At Calke Abbey in Derbyshire I was surprised by how crowded the place was, well, I suppose it was a Saturday and a lovely day, far too hot for the end of September but I suppose we can blame global warming for that.
On entering the hall Jack spoke to the guide who asked him to repeat himself – which he did, speaking in his very best clear English with far less accent than the ‘locals’. She still said she couldn’t make out his accent. So I said in strident tones – he’s from Glasgow – which is a slight exagerration as I’m the Glaswegian and he comes from 15 miles north of there, but as I expected, it did the trick and amazingly she had no problem after that. Maybe she was worried about getting a ‘Glasgow kiss’.
As you can see it was nigh on impossible to get photos without people in them, except of the upper parts of the very high walls. Someone was obviously very fond of stags’ heads.
The rooms are so cluttered, just as they were left to the National Trust, that it’s sometimes difficult to see what the room was originally for. Below is probably a drawing room but it also has a lot of specimens of fossils and just things of interest to collectors of ‘stuff’.
I’m so glad that I don’t have to keep on top of the housework in here.
I’d love to have the library/study though.
The Jacobean coat below is a real work of art, but the Chinese silk bed is amazing. I’ll show you that tomorrow.
If you’re interested in the history of Calke Abbey have a look here.
Speaking of Gaberlunzie – back in the dim distant past when I worked in the local library, the folk duo Gaberlunzie was due to play a gig at the local community centre and the tickets were on sale at the library. We had all been told to expect members of the public to be coming in to buy tickets.
This was the early 1970s and computers hadn’t arrived at the library, it was all cardboard tickets and card indexes, with everything filed in alphabetical order, I loved it, we were faster than computers. Readers often left their spare library tickets at the library for safe keeping, asking for them when they wanted to borrow something. We just needed their name and address, although most of the time we already knew it.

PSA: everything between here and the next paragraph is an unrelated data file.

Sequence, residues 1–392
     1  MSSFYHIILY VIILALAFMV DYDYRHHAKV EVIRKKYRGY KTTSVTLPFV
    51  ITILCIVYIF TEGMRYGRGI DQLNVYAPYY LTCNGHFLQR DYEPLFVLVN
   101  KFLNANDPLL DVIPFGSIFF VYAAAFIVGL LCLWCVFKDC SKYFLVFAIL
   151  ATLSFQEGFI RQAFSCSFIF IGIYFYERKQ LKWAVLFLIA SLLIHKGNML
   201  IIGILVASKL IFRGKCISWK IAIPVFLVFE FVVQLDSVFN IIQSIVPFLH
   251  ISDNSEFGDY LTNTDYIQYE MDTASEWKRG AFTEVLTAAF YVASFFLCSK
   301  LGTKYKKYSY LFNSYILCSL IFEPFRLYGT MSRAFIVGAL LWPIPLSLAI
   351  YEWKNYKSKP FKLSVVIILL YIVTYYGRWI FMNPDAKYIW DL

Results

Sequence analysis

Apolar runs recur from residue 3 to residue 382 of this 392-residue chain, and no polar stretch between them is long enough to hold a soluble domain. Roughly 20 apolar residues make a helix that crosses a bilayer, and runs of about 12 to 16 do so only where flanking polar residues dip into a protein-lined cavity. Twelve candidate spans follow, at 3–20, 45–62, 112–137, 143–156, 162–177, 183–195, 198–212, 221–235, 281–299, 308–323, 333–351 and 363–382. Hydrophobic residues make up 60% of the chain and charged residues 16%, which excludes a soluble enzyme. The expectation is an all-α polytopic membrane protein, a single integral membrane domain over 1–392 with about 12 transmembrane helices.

Unfortunately, my friend was off the day we were told about the Gaberlunzie tickets, so when someone came in and asked her for tickets for Gaberlunzie – she immediately said – What’s the address? Which was followed by a blank look from the woman and gales of laughter from the rest of the library assistants. Ahh simple days, but Gaberlunzie still makes me think of that time.
Something else which makes me nostalgic for those days at the library is this old Smirnoff advert, which apparently wasn’t a success, especially with potential librarians. But I love it, as well as the image, it just shrieks ‘1970s’ – which was supposedly a style-free zone, well so the kids of the 1980s claim. But for me it was a great time for fashion and design. What’s your favourite decade?
The first library that I worked in was built with money donated by Andrew Carnegie who was born in this teeny wee cottage in Dunfermline, Fife which is about 12 miles from where I live. This was originally two cottages, I think he was born in the right hand one.
He made shed-loads of money in America, mainly from steel originally. As he thought that education was so important he set about providing libraries so that poor people could get their hands on books and improve themselves if they had a mind to.
Naturally, the very first place that he wanted to splash his cash was his home town. (Look how well I’m doing folks.)
So Dunfermline has the very first Carnegie Library and I visited it for the first time during the Easter holidays. Actually, it’s a really lovely building, especially inside, much nicer than the one that I worked in.
I wasn’t supposed to be borrowing any books as I have so many in my TBR pile at the moment, but I ended up borrowing the Daphne du Maurier – Rule Britannia and requesting Susan Hill’s – Howards End is on the Landing. There’s a waiting list, I’m fourth on it. I’ll definitely have to set aside more reading time.